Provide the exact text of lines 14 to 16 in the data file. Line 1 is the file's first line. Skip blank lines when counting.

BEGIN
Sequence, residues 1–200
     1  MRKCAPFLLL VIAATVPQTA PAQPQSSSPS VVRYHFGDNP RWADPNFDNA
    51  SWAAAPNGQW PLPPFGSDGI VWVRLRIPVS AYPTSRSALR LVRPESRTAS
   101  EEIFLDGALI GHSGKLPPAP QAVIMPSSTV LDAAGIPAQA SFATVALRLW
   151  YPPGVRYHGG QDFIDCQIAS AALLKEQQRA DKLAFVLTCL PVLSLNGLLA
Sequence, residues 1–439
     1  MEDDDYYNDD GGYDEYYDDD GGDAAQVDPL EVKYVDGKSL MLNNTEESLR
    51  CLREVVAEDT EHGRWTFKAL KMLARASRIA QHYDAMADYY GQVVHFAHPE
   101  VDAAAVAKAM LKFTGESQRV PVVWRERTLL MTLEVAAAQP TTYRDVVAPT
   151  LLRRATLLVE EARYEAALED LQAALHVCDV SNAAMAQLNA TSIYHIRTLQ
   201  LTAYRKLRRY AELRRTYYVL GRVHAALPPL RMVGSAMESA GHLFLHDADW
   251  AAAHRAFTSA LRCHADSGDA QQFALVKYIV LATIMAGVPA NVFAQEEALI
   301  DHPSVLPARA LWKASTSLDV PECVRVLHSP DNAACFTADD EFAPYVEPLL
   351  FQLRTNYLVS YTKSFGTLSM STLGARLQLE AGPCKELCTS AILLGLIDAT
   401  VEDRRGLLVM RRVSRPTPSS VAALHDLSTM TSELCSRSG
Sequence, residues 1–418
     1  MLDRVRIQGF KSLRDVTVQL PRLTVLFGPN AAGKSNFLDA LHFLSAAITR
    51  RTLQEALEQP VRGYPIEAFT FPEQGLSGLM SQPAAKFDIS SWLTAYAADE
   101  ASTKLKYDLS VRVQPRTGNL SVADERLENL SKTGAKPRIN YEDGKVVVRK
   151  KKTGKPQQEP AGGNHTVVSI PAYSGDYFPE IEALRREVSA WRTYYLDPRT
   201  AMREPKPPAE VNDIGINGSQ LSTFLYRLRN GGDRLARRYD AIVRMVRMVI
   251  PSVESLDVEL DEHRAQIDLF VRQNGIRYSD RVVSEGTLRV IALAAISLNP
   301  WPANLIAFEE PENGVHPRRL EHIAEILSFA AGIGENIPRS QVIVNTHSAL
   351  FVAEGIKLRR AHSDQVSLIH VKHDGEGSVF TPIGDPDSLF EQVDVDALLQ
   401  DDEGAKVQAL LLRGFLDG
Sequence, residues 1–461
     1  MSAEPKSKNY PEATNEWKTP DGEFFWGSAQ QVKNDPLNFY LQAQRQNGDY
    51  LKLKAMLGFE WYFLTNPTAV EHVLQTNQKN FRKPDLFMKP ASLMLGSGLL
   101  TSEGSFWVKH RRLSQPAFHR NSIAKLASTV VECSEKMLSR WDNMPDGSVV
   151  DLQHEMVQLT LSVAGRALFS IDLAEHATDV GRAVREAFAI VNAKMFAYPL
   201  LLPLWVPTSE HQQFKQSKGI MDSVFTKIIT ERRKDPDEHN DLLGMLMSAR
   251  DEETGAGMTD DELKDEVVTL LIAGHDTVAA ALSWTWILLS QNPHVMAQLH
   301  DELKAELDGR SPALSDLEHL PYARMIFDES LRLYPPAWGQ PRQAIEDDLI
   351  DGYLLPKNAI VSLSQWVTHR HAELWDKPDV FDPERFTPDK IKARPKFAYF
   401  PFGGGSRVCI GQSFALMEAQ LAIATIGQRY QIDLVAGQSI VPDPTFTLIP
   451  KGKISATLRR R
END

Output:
   351  FQLRTNYLVS YTKSFGTLSM STLGARLQLE AGPCKELCTS AILLGLIDAT
   401  VEDRRGLLVM RRVSRPTPSS VAALHDLSTM TSELCSRSG
Sequence, residues 1–418